Because I am finding when I share my made-up stories, I find out that they are mostly incorrect. So it’s not that you think I am a bad mom. Instead, you explain, you were preoccupied in thinking about the kids’ pick-up schedule and whether you could manage to pick them up one more day a week in order to give me some more wiggle room in my own schedule.

In other words, you were actually trying to help me.

What stories are you making up in your own head—about me, about yourself, about your partner, your boss, your child, the friend who seemed curt with you the last time you talked?

Grow a Vagina

Originally published at Elephant Journal as If you Wanna Be Tough, Grow a Vagina
“Why do people say, “grow some balls”? Balls are weak and sensitive. If you wanna be tough, grow a vagina. Those things can take a pounding.” ~Sheng Wang (and actually not Betty White)

As a woman, I am tired of the disrespect shown to women by the incorrect naming of our genitals. I’m not necessarily talking about slang words. I am, rather, talking about when men and women use the word “vagina” (or other singular word) to denote the entire female groin area.

vulvarose1I can’t figure out if this is a natural shift in language usage (The dropping of “ly” off of adverbs is so common now, I can only assume it will soon be an official rule. The poor “ly” will be forgotten and archaic. Destined to be relegated to those articles about words that used to be popular but that now no one has even heard of), or if it’s a lack of education and knowledge.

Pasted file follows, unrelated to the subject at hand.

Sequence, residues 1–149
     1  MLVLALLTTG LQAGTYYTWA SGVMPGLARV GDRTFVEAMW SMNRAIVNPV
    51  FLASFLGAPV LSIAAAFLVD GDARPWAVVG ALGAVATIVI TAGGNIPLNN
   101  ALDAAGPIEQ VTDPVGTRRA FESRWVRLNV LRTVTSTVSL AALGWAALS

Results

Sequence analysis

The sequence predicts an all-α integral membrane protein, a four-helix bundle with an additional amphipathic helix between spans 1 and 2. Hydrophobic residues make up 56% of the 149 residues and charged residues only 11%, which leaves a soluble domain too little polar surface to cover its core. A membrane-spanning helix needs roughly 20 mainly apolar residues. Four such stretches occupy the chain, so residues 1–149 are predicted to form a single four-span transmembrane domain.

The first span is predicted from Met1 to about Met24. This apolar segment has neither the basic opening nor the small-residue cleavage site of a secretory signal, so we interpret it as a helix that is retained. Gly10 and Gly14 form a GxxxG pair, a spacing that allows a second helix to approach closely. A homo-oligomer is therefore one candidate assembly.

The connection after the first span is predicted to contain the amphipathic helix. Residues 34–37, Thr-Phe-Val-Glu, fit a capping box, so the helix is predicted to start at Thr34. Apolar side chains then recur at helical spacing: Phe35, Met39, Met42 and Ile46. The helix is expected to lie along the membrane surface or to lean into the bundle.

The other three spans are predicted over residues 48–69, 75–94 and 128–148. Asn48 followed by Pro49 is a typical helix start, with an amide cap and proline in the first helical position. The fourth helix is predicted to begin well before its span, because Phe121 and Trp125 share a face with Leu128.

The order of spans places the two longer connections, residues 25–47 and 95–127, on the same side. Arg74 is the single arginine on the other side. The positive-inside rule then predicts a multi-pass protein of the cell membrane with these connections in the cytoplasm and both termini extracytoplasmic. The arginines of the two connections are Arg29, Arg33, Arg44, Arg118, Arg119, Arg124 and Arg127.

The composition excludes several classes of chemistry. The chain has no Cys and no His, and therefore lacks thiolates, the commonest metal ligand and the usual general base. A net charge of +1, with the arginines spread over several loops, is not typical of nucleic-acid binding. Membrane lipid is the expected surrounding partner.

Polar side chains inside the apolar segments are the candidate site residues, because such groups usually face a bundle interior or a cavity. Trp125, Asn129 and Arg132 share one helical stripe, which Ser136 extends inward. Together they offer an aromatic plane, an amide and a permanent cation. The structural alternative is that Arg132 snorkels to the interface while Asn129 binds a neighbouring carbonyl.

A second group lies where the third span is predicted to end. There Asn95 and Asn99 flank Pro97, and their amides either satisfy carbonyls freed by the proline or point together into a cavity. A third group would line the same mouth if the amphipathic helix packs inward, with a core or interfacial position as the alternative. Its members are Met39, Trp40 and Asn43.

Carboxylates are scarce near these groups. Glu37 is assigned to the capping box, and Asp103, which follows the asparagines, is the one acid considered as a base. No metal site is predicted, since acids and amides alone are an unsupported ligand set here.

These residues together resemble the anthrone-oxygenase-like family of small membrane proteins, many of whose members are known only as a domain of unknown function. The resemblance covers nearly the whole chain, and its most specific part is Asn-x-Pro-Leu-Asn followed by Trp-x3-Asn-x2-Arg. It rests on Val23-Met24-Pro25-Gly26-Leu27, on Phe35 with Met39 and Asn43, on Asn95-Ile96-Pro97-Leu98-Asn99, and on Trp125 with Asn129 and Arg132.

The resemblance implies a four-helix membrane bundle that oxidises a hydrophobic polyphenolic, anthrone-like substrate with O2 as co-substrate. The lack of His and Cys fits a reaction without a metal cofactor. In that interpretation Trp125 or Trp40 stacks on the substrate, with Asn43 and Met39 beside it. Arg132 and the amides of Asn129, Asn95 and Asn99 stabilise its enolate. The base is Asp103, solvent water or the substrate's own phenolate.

Or maybe it’s a product of shame.

The vagina is actually the internal tube (the birth canal) leading from the uterus to the outside of the body; “vagina” does not name the entire groin area.

I don’t understand the reduction of the beautiful, highly functional, well-designed, female genitals to one, incorrectly assigned word. I don’t understand why we are settling for this oversight, and to my mind, this lack, this ignorance, this norm of making the female less—less known, less important, less studied, less worthy of respect.

I cannot participate in perpetuating this.

I think women’s bodies, and therefore women, will continue to be objectified and seen as less-than for as long as it is acceptable to be ignorant and ashamed of the female body.

The famous line spoken by a kindergartener out of the (highly entertaining!) Arnold Schwarzenager movie, Kindergarten Cop, comes to mind: “Men have a penis; women have a vagina.” And while these things are true, it is not the full truth.

Not knowing and/or speaking that entire truth feels demeaning to women—on a large, societal, even global, scale. To me, it’s like saying our female bodies aren’t worth knowing, aren’t worth studying, aren’t worth naming correctly, aren’t important enough to be bothered with and that they are too shameful.

How offended would you be if someone pointedly refused, even after repeated corrections, to call you by your correct name? Would you see it as a slight, a passive aggressive attempt to belittle you in some way?